You would think that going for a walk along a secluded country road would be the very definition of serene.
How could it be anything but? There you are surrounded by forest and fields, nary a building in sight. No horns honking, sirens wailing or having to pause for walk signals.
I am a run walker, meaning I like to run the first few hundred metres to get all those cardio things happening and then I like to walk the rest of the way so I can appreciate nature without wheezing along like a cat trapped inside an accordion during a polka.
Unfortunately it’s hard to sneak out of our yard on the run, even if I wasn’t wheezing.
When it comes to animals anything that’s running is a real attention grabber. Movement catches the eye and all that. Everyone knows not to run from a bear or a tiger since their natural instinct is to chase and chew on anything that appears to be in a hurry. What you might not have guessed is that the same rule applies to goats.
I learned this lesson the hard way a couple summers ago. Normally our goats were content to stay inside their pasture but if properly motivated they could sail over the confines of their fence with the greatest of ease. Our driveway goes along one length of the summer goat and sheep pasture. One fine spring afternoon shortly after moving the animals into their summer digs, I set out for my run and walk.
As I huffed along my interesting gamboling movements caused the goats to yank their heads up out of the grass and come capering over to the fence.
They then proceeded to run along beside me. This would have been rather alarming had they been a trio of grizzly bears, as it were, I was quite entertained by the spectacle. Forget dancing with wolves, I was running with goats! When I hit the end of the driveway I hung a left, waved a good bye to the goats over my shoulder and jogged up onto the main road, expecting this would be where the goats and I would part company. Sadly, this was not the case.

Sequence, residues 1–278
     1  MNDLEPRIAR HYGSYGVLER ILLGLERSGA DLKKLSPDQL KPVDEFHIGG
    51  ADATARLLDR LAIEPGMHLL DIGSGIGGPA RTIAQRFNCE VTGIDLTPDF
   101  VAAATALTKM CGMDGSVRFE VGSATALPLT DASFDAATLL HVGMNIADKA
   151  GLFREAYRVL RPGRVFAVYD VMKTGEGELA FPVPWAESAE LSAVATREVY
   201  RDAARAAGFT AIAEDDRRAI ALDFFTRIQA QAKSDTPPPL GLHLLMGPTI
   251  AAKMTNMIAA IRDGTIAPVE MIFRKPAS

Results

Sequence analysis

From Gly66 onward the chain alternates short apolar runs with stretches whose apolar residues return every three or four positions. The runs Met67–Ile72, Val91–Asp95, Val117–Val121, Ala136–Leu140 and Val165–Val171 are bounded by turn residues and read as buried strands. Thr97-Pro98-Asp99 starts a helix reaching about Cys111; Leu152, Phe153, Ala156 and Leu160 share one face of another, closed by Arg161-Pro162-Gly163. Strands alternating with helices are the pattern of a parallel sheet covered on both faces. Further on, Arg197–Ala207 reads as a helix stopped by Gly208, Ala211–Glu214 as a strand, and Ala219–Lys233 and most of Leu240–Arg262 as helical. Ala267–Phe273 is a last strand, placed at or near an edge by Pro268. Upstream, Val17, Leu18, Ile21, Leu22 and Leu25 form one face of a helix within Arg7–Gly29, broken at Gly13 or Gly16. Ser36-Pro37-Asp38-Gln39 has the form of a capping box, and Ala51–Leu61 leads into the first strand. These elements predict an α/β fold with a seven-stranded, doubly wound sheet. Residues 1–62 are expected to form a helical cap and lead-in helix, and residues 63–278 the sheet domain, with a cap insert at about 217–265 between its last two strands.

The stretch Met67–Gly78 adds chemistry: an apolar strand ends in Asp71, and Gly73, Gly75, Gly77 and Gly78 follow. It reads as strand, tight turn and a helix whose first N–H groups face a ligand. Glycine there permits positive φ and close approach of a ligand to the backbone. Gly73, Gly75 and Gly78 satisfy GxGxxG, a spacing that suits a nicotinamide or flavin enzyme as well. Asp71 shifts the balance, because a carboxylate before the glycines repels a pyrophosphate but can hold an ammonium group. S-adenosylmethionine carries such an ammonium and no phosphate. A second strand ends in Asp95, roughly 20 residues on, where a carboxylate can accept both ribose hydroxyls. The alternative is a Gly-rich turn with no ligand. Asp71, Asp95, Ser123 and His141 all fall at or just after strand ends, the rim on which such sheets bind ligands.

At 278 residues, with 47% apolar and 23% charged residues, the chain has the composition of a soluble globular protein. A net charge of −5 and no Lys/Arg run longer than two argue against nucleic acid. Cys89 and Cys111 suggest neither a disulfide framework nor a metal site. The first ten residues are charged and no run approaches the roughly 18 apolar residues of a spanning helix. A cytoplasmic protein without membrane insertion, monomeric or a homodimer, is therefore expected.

Unfortunately I didn’t realize the fence had failed to deter the trio until I had run a good few hundred metres and happened to glance back over my shoulder. To my horror there was Pancake, Alaska and Zippy all galloping happily along right behind me.
And that’s when I heard a vehicle approaching from around the bend. Of course I did. My heart dropped to the bottom of my ratty running shoes. Even if you’re sporting the latest jogging gear, sunglasses and a sweat band on your wrist — which I wasn’t — there’s no way to look cool when your jogging companions are goats.
It’s not unusual to come upon local folk out walking in the country. Sometimes they have their kids along on bicycles, or toddlers in a stroller. Sometimes they are even accompanied by a dog. But goats? Alas, I’m afraid that distinction has been reserved solely for me to the immense entertainment of my neighbours.
If I was a quick thinker, perhaps I could have grabbed a stick and pretended to be industriously herding the goats along to take advantage of the new grass that always grows taller along the roadside. But if I was a quick thinker I wouldn’t have a goat, let alone three of them.
As the vehicle came around the bend the best I could hope for was a city slicker who would mistake the goats for baby deer and be amazed. Maybe the driver would think I was some kind of deer whisperer.
But no such luck. As the pickup came into view I could see by the expression on the driver’s face that his Christmas had come early. Spread out on the road before him was an unexpected gift; a story that would earn him a second cup of coffee from all the neighbours for the rest of the summer and probably a plate of homemade cookies to go with it.
Rolling down his window the driver leaned on his elbow, poked his head out and casually said, “When you’re finished here I’ve got a couple cows you can take out for a stroll.”
It’s been two whole years and I still haven’t come up with a witty reply.
Shannon McKinnon is a humour columnist from the Peace River country. You can reach her at firstname.lastname@example.org